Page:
By Robert Croan
It’s an encouraging sign, that the Sept. 18 concert by Master Chorale of South Florida was sold out. It was a free event in Fort Lauderdale’s Sunshine Cathedral, sponsored by the Our Fund Foundation in partnership with Stonewall National Museum and Archives, but reservations were required and there was an overflow at the door, with people hoping for cancellations or no-shows.
This was no ordinary choral concert. The afternoon was devoted to a single work: James McCarthy’s Codebreaker: The Alan Turing Story, an hourlong cantata depicting the genius mathematician and LGBTQ+ martyr who broke the code of the Germans in World War II and became the father of modern computer science. After the war, Turing was persecuted, subjected to chemical castration (as an alternate to imprisonment) for his homosexuality — a crime punishable by a life sentence in England prior to 1967. It’s all the more thought-provoking that his “crime” — “gross indecency” — is the same offense for which Oscar Wilde had been incarcerated a half-century before. Turing died by suicide on June 7, 1954, 16 days before his 42nd birthday.
There’s some significance in the diversity of the audience that turned out for this event. It was a work on a gay subject, performed by a community organization in a venue known to be gay-friendly, sponsored by two important LGBTQ+ organizations. Yet the crowd appeared to be a cross-section of the population: a balanced mixture of gay and straight, old and young, racially varied as well. In today’s political climate, that makes a difference.
London-born composer McCarthy (b. 1979), has a successful roster of choral works along with film and TV projects to his credit. Codebreaker had its premiere at London’s Barbicon Centre in 2014, the same year as the movie — The Imitation Game — that starred Benedict Cumberbatch as Turing. The actor, in fact, attended the cantata’s premiere. “I gripped the side of my seat trying not to weep,” Cumberbatch said. “And failed.” Codebreaker has since been widely performed and recorded on the Signum Classics label.
By his own description, McCarthy concentrated on three aspects of his protagonist. Part 1 explores Turing’s youthful love for a fellow student, Christopher Morcom, who died of tuberculosis at the age of 18. Part 2 depicts the war, including Turing’s invention of a decryption machine known as the Bombe. Finally, there is Turing’s tragic persecution and death.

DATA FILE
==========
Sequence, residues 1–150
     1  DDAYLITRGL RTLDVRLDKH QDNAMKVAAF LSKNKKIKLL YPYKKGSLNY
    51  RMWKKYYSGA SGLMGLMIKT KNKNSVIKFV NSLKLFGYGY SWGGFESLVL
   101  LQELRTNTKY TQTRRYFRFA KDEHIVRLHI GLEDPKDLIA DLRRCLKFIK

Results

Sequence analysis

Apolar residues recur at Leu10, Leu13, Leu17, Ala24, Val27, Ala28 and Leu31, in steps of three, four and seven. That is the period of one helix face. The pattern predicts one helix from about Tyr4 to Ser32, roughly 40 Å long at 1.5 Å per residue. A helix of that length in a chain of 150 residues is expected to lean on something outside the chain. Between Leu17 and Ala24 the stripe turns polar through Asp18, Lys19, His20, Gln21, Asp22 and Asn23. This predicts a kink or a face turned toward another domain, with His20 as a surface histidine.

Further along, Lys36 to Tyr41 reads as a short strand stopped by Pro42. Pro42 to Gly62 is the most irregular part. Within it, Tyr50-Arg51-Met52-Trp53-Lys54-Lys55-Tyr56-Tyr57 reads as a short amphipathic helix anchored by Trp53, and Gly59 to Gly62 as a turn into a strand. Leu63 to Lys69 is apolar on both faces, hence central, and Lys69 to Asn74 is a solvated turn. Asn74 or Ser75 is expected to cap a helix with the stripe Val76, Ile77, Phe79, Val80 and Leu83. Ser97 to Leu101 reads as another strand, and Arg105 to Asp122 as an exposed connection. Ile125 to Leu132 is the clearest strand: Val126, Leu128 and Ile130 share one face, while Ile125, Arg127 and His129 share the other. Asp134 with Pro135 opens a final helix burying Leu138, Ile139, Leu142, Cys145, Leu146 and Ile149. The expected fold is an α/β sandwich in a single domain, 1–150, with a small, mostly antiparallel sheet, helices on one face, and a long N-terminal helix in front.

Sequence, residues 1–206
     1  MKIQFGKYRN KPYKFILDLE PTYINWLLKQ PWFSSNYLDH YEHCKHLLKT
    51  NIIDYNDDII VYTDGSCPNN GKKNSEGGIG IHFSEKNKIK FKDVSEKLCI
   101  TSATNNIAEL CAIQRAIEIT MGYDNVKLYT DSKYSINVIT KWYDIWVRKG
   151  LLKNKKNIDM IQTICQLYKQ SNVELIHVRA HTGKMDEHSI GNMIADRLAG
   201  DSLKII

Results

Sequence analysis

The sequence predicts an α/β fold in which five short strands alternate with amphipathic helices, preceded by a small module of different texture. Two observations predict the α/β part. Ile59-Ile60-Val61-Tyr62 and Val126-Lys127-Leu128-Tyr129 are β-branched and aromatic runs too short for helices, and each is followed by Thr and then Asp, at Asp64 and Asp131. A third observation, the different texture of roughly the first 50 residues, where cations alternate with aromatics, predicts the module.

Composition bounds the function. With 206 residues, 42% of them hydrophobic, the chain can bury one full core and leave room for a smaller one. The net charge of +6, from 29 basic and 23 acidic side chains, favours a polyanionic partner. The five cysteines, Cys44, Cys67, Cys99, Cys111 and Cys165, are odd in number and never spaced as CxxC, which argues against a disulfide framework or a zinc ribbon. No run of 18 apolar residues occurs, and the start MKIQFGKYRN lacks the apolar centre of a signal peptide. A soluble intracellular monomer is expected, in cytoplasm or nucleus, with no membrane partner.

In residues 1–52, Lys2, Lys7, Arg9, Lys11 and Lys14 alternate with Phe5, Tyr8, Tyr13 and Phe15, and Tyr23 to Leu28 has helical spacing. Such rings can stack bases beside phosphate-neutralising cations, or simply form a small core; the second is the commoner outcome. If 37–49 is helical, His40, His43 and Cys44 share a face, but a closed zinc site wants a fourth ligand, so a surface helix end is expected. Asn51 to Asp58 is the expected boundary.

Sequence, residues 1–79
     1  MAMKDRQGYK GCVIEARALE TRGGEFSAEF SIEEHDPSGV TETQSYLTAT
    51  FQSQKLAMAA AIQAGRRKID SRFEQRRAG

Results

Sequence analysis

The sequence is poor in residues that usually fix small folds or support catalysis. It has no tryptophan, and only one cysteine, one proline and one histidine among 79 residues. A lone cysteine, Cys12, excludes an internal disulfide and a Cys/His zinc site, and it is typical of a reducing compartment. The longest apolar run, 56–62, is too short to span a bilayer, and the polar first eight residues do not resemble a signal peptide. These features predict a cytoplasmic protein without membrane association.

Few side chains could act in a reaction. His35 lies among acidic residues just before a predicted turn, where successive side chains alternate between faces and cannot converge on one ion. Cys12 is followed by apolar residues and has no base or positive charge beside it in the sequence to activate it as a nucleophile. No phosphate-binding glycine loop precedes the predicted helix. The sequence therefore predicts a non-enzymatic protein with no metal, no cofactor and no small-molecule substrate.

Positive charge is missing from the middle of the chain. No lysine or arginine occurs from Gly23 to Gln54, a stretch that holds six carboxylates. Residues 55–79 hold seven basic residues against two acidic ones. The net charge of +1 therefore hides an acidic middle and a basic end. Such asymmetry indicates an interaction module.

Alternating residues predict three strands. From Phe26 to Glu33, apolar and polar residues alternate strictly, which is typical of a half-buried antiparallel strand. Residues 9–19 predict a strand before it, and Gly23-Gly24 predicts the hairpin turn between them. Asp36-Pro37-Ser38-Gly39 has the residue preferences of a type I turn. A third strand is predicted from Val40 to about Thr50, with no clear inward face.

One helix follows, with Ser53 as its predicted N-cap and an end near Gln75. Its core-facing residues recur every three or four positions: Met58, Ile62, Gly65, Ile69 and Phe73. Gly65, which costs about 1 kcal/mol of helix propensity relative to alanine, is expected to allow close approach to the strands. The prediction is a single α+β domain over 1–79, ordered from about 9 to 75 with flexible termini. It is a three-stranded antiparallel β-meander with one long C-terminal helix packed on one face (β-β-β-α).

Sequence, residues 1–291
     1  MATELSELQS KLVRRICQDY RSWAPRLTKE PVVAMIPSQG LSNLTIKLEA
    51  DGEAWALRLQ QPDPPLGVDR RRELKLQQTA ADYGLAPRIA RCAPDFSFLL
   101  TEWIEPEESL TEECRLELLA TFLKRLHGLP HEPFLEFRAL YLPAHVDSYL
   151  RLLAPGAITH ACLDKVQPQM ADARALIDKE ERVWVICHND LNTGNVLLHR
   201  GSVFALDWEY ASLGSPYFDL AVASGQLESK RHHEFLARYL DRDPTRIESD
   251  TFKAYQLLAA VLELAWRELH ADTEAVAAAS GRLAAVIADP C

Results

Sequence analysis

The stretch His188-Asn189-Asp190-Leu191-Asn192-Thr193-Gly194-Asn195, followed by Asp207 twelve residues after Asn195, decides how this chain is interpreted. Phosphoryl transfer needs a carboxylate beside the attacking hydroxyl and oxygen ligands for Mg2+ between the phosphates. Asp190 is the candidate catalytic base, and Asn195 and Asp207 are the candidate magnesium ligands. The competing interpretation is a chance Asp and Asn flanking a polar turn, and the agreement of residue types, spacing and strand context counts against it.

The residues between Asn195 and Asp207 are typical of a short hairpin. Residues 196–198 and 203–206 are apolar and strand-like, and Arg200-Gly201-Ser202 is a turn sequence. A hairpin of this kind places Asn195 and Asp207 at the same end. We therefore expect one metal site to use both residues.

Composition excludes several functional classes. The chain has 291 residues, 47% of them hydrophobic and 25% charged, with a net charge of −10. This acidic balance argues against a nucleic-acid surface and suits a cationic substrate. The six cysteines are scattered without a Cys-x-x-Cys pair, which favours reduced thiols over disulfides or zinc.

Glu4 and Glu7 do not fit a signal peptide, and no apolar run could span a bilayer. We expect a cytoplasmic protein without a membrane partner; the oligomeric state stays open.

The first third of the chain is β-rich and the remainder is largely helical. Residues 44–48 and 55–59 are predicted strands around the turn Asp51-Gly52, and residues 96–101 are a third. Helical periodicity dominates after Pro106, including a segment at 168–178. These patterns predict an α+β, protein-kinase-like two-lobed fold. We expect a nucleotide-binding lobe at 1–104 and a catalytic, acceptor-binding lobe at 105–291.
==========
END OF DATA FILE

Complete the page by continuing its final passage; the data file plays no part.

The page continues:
McCarthy’s music is tonal and conservative, but there’s a personal touch that juxtaposes elements of minimalism (frequently reiterated rhythmic patterns with subtle changes in the repetitions) with broad melodic phrases that may be superimposed, or simply exist on their own. His instrumentation is colorful — a chamber ensemble was used on this occasion, but there is also a version for full orchestra — and integrated with the choral sonorities.
The libretto alternates poetry and prose, from Robert Burns and Oscar Wilde, to the early 20th-century Sara Teasdale, Wilfred Owen and Edward Thomas, as well as Turing’s mother (from her diaries) and Turing himself. A very moving section early on has the chorus declaiming the public apology made by Prime Minister Gordon Brown in 2009, 55 years after Turing’s death. The choral reiterations of “che-mi-cal-cas-tra-tion” in Brown’s Apology are chilling.
A central segment begins with the actual recorded words of Neville Chamberlain’s declaration of war with Germany, then goes on to the mostly orchestral movement labeled, “The Bombe/War.” The soprano solo, “A Mother’s Lament for the Death of her Son,” based partly on Sara Turing’s memoir of her son and partly on Burns’s verses, contains some of the cantata’s most poignant pages. In context, however, it’s anticlimactic, coming on the heels of super-intense settings of words from Wilde’s “De Profundis” and Thomas’s “Lights Out.” Soloist Julia Pinn, representing Turing’s mother, sang clearly and expressively, but her small, whitish soprano lost pitch in the upper octave, while her vocal color was more maidenly than motherly.
McCarthy’s choral painting contains a good deal of verbal repetition, placed to allow for the words to be understood, and the Master Chorale, led by the group’s associate conductor Scott AuCoin, provided clear enunciation and projection of the texts. The combined forces were at their best in the heartrending “De Profundus,” arguably the most advanced and interesting word setting in the score. On the other hand, because of the previous powerful surge, the final chorus — on Teasdale’s “If Death Is Kind” — came off less uplifting than intended.
AuCoin merits praise for the overall precision of the choral singing and integration with the excellent instrumentalists from University of Miami’s Frost School of Music. Silences and cutoffs were scrupulous, as was the transparency of the string playing. The prominent percussion part was also notable and admirably rendered.